Salary pressures near record high as companies compete for workers

Salary  London, UK. 03rd Jan, 2023. London commuters make their way to the office across London Bridge on their first day back to work in 2023, avoiding train strikes which are causing widespread disruption across the country and millions of people have been advised to avoid rail travel. 03rd January, 2023, City of London, England, UK Credit: Jeff Gilbert/Alamy Live News
Salary pressures remained close to record-high levels. Photo: Jeff Gilbert/Alamy Live News

The number of UK sectors reporting growth more than doubled in December as salary pressures remain at near record levels.

Seven of the 14 sectors monitored by the Lloyds Bank UK Sector Tracker reported growth compared with just three in November – the December highest growth month since June 2022.

Salary pressures remained close to record-high levels (3.87 times the long-term average), amid continued competition for workers.

However, overall UK economic activity saw a slight contraction with a reading of 49.

A reading above 50.0 on the tracker indicates expansion, while a reading below 50.0 indicates contraction.

The contraction on November was more pronounced at 48.2.

Jeavon Lolay, head of economics and market insight at Lloyds Bank Corporate and Institutional Banking, said: “While the economy held up better than expected in recent months, the impact of temporary boosts such as the World Cup and first Covid-19 restriction-free Christmas for three years is evident. The mixed performance across UK sectors is likely to remain a rolling theme in 2023 as the strains from rising prices and higher interest rates impact both households and firms disproportionately.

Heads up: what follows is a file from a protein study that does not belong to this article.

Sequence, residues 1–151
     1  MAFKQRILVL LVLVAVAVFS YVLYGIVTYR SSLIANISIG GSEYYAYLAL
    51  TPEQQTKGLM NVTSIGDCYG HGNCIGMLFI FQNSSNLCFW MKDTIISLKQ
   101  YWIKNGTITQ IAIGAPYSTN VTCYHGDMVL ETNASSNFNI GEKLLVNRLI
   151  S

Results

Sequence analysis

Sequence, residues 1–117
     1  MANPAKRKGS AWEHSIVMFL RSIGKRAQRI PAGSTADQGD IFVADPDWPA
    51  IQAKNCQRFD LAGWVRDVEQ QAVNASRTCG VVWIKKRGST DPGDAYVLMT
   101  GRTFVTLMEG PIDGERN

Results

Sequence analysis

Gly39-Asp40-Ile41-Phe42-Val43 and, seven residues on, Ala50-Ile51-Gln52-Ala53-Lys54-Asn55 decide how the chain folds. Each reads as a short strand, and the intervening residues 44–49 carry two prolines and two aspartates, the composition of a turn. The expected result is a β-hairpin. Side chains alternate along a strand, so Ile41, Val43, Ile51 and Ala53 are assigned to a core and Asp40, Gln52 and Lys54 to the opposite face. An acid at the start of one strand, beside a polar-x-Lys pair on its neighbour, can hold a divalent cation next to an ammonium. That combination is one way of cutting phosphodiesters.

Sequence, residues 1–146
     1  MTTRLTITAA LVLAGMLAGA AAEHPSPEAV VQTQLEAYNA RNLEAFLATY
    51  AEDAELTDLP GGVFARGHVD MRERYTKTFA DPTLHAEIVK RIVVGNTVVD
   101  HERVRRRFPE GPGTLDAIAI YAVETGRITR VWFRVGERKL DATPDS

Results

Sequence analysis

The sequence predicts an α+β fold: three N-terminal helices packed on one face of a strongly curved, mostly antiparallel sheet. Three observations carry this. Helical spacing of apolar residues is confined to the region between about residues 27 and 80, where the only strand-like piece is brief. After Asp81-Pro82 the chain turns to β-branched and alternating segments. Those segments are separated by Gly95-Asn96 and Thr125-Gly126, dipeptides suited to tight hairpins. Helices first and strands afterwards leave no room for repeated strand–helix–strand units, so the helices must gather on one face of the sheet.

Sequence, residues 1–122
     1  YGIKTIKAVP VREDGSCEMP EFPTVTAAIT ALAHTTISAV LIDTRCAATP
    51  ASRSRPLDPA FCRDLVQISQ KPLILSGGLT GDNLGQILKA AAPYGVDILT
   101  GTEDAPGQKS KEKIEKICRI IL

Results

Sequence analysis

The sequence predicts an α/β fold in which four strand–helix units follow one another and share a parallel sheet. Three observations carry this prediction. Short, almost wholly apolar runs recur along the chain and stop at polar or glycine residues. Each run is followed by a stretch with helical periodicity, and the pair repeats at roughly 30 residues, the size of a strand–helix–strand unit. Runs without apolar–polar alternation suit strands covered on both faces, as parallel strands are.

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“Still, further evidence of a broad softening of inflationary headwinds is welcome, as in large part this reflects the continuing normalisation of supply chain conditions for many sectors. How quickly this is reflected in firms’ output prices and then consumer prices will be watched closely.”

Software services firms (56.8 vs. 47.5 in November) and automotive manufacturers (53.1 vs. 38.0 in November) posted the fastest rises in activity. The tourism and recreation sector (50.2 against 44.6 in the previous month) – which includes pubs, hotels and restaurants – also saw output grow, supported by the World Cup.

Scott Barton, managing director at Lloyds Bank Corporate and Institutional Banking, added: “Despite December data showing a marginal increase in activity in some sectors, this month’s broader data illustrates that the current trading environment remains fragile.”

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“As companies begin their operations in 2023, it will be important to stay focused on the fundamentals. Through consistent and comprehensive forecasting, analysing performance data, and closely managing supply chains and inventory, businesses can establish a strong foundation to successfully navigate the challenges that lie ahead.”

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